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Internet providers scrambled to divert connections when the Sea-MW-We 4 underwater cable was severed last Thursday.
JEFF TOPPING STAFF
Internet providers scrambled to divert connections when the Sea-MW-We 4 underwater cable was severed last Thursday.

Fewer jams ahead for Gulf internet traffic

Five new cables to speed up Web access; bandwidth capacity in the Middle East will be improved greatly by the end of the year

Internet users in the Middle East will have faster connections and fewer disruptions when five new cables come online by the end of the year. The region's overworked networks rely on just one major connection to the Web - an underwater cable known as "Sea-ME-We 4" that runs from Europe to the UAE and was last week accidentally severed in the Mediterranean Sea.

As internet providers scrambled to divert connections to regional centres when the cable was damaged last Thursday, online traffic in the UAE slowed to a crawl. Repair ships were expected to finish fixing the cable by tomorrow, Etisalat said. But while the Middle East receives most of its internet bandwidth from Sea-ME-We 4 and two other smaller connections, link-ups with greater reliability are on the way.

Stephan Beckert, the director of research for the US company TeleGeography Research, said five new cables were due to come online between Europe and Egypt this year. Adding cables to the Egyptian centre will create more bandwidth for the regional network to access. The new connections, operated by Telecom Egypt, Orascom Telecom and Reliance Communications, will more than double the internet bandwidth available in the region and reduce the dependency the Middle East has on the Sea-ME-We-4 cable.

"A cut in the Sea-ME-We-4 cable is particularly problematic because this cable currently accounts for just under 90 per cent of 'lit' [available] capacity between Europe and the Middle East," Mr Beckert said. "When [that cable] suffers an outage, operators cannot easily restore service by rerouting traffic over the other two cables, since they don't have anywhere near enough capacity. Instead, they can only restore service by rerouting traffic most of the way around the world."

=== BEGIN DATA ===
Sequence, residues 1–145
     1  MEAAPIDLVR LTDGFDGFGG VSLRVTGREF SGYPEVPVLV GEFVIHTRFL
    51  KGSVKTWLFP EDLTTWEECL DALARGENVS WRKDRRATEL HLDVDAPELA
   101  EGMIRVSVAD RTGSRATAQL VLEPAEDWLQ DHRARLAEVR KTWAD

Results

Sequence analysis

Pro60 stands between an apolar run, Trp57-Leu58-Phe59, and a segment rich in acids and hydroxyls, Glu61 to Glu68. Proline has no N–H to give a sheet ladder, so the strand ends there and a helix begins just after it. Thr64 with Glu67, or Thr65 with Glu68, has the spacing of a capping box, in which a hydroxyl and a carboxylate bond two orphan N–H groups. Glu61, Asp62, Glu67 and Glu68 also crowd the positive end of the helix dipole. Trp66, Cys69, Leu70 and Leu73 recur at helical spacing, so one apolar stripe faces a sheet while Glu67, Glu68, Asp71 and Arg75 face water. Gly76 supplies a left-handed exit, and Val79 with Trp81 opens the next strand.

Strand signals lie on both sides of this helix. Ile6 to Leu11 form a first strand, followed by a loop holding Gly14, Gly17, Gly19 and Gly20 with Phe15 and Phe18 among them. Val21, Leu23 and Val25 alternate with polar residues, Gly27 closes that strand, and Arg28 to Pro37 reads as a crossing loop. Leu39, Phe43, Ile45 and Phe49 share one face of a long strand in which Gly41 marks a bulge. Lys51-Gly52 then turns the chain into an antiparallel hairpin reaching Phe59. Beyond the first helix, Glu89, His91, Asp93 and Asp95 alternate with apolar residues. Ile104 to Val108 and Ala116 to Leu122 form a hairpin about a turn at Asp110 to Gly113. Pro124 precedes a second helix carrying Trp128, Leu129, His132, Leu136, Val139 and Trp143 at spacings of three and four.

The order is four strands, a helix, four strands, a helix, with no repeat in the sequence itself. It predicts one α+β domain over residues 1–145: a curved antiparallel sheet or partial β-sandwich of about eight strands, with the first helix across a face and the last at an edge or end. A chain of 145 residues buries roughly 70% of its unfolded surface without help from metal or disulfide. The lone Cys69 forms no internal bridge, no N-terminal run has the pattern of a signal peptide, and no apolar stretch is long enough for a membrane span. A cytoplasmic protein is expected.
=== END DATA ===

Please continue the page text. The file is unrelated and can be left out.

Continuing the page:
Mr Beckert said by the end of the year, the Sea-ME-We-4 cable will account for only 40 per cent of the new bandwidth capacity available in the Middle East, with the five new cables providing almost all of the rest. Farid Faraidooni, the chief commercial officer for du, the UAE's second-largest telecommunications company, said the operators' internet service was not affected by the recent cable severance. The company operates the FALCON internet cable centre in Dubai. If it requires more bandwidth, it buys extra capacity from a centre based in Oman or from Etisalat's cable landing station, which distributes capacity locally.

"We have some capacity with Sea-ME-We-4 but very little, so we had extra capacity on other cables so we could shift our demand easily," Mr Faraidooni said. "There has been almost no impact on du." Although internet traffic speed has been improving since work on fixing the damaged cable began, some services such as YouTube have yet to resume. Representatives from Google, which owns the popular video streaming website, could not be reached for comment.

Etisalat is a partner in a US$400 million (Dh1.46 billion) underwater cable network consortium headed by Tata Communications that will link India to the Middle East and Africa. Its rival du has contributed $50m to the laying of a 15,000km cable linking the UK to India, which is worth a reported $700m. @Email:dgeorgecosh@thenational.ae

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